Iffy Magic (full title, Iffy Magic: Confessions of a Faux Fairy Godmother) follows the story of Primrose Goodwing, a pixie who can’t seem to figure out how to do any magic that is permanent. All of her spells end at midnight on the day they are cast. Coming from a long line of successful fairy godmothers, she is a bit of a disappointment to her family.
So, doing what any fairy in her position would do, she steals the family heirloom magic wand and uses an unorthodox method to get to the Mortal Vale (where humans live). She plans to find a damsel in distress and make all her wishes come true, just like in all the fairy tales. Of course, things don’t turn out anything like she wished.
With dashes of Cinderella, sprinkles of The Little Mermaid, and a lot of creative imagination, Iffy Magic presents a story that is both familiar and new at the same time. Instead of a evil step-sisters, Ember (Prim’s chosen “damsel in distress”) has one evil step-sister and an arrogant fop of a step-brother. While the evil step-sister (Alouetta) is pretty standard for such a role, the step-brother (Ambrose) is more of an enigma. He clearly thinks highly of himself, but he also has a serious side that sometimes reminded me of Percy from the 1982 film, The Scarlet Pimpernel.
The villain is not specifically named until near the end of the book. Prior to that, “The Spider” weaves a web of intrigue and control over the entire kingdom where Ember lives. Page is very good at mixing together false and real clues about “The Spider” in such as way as to make them very difficult to tell apart.
I loved the magic system used in Iffy Magic. This is yet another author taught by Brandon Sanderson who really caught the vision of how to make an interesting, workable, and clearly-defined magic system. It is consistent, and it required very little direct explanation for the reader to understand. Page wove it well into the story.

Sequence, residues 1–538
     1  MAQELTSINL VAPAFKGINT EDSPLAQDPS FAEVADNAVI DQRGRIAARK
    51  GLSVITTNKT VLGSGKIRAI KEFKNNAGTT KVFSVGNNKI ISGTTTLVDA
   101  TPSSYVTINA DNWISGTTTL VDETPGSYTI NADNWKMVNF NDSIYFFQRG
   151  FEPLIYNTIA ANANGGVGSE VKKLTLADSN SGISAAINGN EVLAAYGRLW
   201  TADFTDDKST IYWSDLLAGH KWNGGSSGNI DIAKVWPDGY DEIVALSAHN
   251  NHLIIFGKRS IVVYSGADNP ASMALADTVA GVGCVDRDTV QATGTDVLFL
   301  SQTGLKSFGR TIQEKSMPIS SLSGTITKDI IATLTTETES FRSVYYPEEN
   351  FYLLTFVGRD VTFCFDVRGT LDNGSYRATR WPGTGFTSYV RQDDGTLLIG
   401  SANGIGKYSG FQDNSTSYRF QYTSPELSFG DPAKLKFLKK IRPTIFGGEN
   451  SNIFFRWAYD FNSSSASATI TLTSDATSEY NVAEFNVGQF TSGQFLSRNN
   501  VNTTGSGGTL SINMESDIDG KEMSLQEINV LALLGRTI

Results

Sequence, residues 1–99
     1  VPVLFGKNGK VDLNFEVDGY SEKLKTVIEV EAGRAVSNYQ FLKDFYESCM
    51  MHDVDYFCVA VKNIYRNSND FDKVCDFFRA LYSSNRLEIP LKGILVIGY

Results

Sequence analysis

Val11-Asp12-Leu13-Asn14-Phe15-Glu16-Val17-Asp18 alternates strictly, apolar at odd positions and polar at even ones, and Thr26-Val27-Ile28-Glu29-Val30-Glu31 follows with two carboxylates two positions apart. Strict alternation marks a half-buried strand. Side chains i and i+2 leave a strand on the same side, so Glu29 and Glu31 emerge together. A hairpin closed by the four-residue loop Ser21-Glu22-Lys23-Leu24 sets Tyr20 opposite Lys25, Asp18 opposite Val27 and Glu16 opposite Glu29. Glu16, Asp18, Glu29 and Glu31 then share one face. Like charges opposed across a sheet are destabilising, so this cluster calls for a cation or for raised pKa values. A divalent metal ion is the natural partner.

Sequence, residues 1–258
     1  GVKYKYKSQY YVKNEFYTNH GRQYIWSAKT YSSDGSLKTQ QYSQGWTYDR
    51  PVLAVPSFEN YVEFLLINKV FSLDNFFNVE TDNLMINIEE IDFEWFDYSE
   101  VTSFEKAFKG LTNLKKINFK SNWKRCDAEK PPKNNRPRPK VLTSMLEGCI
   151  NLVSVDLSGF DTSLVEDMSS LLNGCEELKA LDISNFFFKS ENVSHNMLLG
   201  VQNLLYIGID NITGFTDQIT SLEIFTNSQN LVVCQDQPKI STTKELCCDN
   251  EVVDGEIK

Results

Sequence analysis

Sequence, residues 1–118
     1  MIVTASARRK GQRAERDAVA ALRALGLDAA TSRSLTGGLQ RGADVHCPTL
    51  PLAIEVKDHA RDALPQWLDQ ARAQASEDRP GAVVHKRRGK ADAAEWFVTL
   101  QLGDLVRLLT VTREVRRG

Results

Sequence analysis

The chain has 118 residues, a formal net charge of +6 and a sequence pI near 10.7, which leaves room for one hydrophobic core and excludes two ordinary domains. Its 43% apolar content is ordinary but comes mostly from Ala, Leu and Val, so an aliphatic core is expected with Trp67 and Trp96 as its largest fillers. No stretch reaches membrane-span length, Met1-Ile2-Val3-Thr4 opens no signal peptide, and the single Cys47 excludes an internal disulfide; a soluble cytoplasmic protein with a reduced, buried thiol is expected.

The climax and resolution of the story were good, though I thought the resolution did not flow as well as the rest of it. It was similar to the extended version of The Return of the King, where there are multiple endings, and then one more, and then one more. After the climax, it felt a touch too long to get to the end of the story. Even with that, it was still interesting and kept me turning pages.
I am definitely looking forward to more works from this author. She tells a delightful story that is accessible to everyone while also having enough depth for readers of all ages. I strongly recommend Iffy Magic.
Release Date: August 3, 2016 (USA)
ISBNs: 1535280557 (9781535280556)
Alcohol/Drugs: 1 (brief mention)
Language: 1 (brief, minor)
Violence: 2 (scary imagery, magical battles, extreme peril, death)